Thursday, December 9, 2010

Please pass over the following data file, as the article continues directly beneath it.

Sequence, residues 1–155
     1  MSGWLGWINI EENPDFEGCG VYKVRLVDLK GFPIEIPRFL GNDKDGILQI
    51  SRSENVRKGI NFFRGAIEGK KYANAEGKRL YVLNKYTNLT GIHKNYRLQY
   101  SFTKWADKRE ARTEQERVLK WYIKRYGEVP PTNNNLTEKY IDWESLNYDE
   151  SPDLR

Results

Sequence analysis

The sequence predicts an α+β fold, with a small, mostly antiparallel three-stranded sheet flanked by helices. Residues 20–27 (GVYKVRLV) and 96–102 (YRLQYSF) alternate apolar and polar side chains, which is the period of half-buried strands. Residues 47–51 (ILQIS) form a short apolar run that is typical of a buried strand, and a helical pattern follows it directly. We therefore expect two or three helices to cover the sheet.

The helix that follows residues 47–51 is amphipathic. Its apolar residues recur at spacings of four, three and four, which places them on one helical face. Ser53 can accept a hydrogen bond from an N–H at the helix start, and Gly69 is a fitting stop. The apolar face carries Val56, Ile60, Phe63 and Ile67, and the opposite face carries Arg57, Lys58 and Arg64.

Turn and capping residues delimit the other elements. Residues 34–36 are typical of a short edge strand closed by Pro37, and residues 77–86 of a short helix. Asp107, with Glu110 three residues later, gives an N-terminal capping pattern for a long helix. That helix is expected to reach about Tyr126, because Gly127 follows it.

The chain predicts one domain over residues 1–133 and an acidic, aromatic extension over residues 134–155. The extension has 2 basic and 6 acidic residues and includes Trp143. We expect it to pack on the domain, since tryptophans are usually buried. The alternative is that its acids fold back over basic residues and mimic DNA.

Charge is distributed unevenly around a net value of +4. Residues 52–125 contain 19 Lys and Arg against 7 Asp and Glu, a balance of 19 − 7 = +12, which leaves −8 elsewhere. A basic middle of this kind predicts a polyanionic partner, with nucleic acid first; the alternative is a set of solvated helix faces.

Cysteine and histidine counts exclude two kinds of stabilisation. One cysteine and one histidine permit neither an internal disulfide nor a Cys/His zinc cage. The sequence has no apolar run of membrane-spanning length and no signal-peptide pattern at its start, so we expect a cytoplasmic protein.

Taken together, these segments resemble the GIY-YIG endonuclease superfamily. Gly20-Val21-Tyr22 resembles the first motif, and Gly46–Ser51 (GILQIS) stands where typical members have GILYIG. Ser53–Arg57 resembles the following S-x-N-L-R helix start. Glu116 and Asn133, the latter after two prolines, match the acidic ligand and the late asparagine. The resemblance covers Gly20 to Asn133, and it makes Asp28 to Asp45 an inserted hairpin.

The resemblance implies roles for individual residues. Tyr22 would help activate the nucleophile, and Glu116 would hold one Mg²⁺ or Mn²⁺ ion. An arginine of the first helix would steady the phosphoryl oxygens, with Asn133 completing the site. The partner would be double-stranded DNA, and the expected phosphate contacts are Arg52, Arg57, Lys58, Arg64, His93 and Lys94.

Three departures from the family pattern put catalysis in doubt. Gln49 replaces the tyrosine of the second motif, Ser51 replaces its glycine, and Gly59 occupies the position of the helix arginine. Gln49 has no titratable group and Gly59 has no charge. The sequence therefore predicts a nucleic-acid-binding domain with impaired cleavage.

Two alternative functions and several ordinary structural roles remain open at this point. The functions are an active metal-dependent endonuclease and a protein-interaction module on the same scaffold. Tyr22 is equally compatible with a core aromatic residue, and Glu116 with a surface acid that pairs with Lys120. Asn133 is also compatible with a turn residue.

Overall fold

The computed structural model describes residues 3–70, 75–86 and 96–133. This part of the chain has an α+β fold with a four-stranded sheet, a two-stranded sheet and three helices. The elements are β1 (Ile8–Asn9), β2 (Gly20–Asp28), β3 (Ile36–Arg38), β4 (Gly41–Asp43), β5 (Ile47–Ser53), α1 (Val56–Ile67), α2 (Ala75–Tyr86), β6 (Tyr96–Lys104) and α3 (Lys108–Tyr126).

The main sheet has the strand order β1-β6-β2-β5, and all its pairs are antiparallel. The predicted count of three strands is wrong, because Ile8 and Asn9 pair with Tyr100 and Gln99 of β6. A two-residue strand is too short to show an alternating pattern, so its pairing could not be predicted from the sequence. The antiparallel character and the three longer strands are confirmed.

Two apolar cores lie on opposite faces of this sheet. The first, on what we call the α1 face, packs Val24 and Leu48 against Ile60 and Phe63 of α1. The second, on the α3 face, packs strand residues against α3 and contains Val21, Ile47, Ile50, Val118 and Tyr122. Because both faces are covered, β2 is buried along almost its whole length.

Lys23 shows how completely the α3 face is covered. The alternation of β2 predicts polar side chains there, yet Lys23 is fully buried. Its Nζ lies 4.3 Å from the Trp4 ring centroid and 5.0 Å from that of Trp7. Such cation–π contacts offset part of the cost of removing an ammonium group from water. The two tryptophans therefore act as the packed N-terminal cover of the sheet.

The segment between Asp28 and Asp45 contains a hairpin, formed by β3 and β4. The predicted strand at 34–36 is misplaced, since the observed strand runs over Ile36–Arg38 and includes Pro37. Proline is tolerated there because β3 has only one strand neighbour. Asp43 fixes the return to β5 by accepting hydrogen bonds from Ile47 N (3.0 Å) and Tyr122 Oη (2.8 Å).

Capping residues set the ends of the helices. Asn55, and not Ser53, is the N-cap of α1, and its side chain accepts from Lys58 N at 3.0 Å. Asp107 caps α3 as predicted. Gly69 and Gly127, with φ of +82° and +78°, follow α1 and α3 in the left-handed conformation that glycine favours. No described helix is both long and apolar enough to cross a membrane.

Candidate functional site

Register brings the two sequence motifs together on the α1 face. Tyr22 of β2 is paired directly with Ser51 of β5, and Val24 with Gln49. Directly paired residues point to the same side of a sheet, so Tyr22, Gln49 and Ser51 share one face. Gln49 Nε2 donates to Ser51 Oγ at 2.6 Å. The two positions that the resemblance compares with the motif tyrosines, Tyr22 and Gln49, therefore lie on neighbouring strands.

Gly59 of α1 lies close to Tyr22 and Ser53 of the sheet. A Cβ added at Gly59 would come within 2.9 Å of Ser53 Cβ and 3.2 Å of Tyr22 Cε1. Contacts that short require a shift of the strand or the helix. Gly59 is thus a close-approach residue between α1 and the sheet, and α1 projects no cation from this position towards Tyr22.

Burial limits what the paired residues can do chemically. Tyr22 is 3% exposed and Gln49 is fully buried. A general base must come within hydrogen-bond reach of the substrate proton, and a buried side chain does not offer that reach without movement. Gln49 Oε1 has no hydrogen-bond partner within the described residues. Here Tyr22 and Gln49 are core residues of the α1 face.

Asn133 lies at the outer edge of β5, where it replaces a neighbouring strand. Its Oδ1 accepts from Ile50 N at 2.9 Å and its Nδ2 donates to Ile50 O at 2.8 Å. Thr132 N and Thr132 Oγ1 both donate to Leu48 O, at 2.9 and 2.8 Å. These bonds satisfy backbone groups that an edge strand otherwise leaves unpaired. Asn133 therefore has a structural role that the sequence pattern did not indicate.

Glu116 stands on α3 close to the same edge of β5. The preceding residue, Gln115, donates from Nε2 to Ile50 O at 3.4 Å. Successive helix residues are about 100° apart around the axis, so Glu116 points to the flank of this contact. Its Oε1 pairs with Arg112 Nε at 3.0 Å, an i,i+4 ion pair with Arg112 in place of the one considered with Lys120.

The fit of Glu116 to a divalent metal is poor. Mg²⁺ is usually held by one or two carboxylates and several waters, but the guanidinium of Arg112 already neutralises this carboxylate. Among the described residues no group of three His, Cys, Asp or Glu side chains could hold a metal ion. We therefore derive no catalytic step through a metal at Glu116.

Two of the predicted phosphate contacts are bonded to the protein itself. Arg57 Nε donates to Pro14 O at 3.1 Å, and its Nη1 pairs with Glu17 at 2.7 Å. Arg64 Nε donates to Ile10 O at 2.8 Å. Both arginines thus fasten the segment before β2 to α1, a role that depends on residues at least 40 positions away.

Fiscal Constraint Can Wait Considering the strum und drang of many Democrats reacting to President Obama's "deal" with congressional Republicans to extend the Bush-era tax cuts, one would think that there was ever a serious chance that Congress would actually change tax policy while the economy remains in the ditch. Wasn't gonna happen, but if there is a missed fiscal responsibility moment here it may turn out to be the failure by Obama and Democrats to leverage the moment to force a long-term deal to get the nation's fiscal house in order. Time will tell whether it was a missed opportunity. Announcing the tax deal, Obama acknowledged the obvious - the economy would not react well to a tax hike on the upper 2% or so of taxpayers even if most everyone else would see little if any change in tax rates. Add to that economic reality the fact that Republicans have largely won the broad political message battle over taxes and its impossible not to conclude - Keith Olbermann aside - that the President had little choice but to give way on his campaign pledge to let the tax cuts expire for the wealthiest taxpayers. The stark fiscal reality remains however, even as the politics of the moment crowd totals up the winners and losers. The co-chairman of the President's Commission on getting the budget deficit under control, Democrat Erskine Bowles, nailed the missed opportunity. Had Democrats been thinking along with Obama, they might have seized this moment to press for the grand plan to deal with the terrible mess both parties have created over the last decade. Democrats have yet to conclude that the country is ready for a call for shared sacrifice, pain and realistic action to cut spending, enhance revenue, scale back entitlements and reduce defense spending. Fiscal constraint will have to wait apparently, while all of us what for adults in both parties to begin to deal with nation's real fiscal problems. Still, given the push back from some Democrats, Obama displayed both political courage and political pragmatism in getting his deal. He also, importantly, got an extension of unemployment benefits that will have the benefit of keeping real money in the hands of real people who will spend it. Over the longer term, with this deal Obama may have also taken a step toward reassuring some of the independents who seem to have abandoned him in droves. Here is the real political reality: if Obama and Democrats don't make serious progress in getting the economy moving by Labor Day 2011, and moving in a way that most people feel in their bones as well as their pocketbooks, he and many othe Democrats won't have to worry about being around in 2013 to deal with controlling the deficit.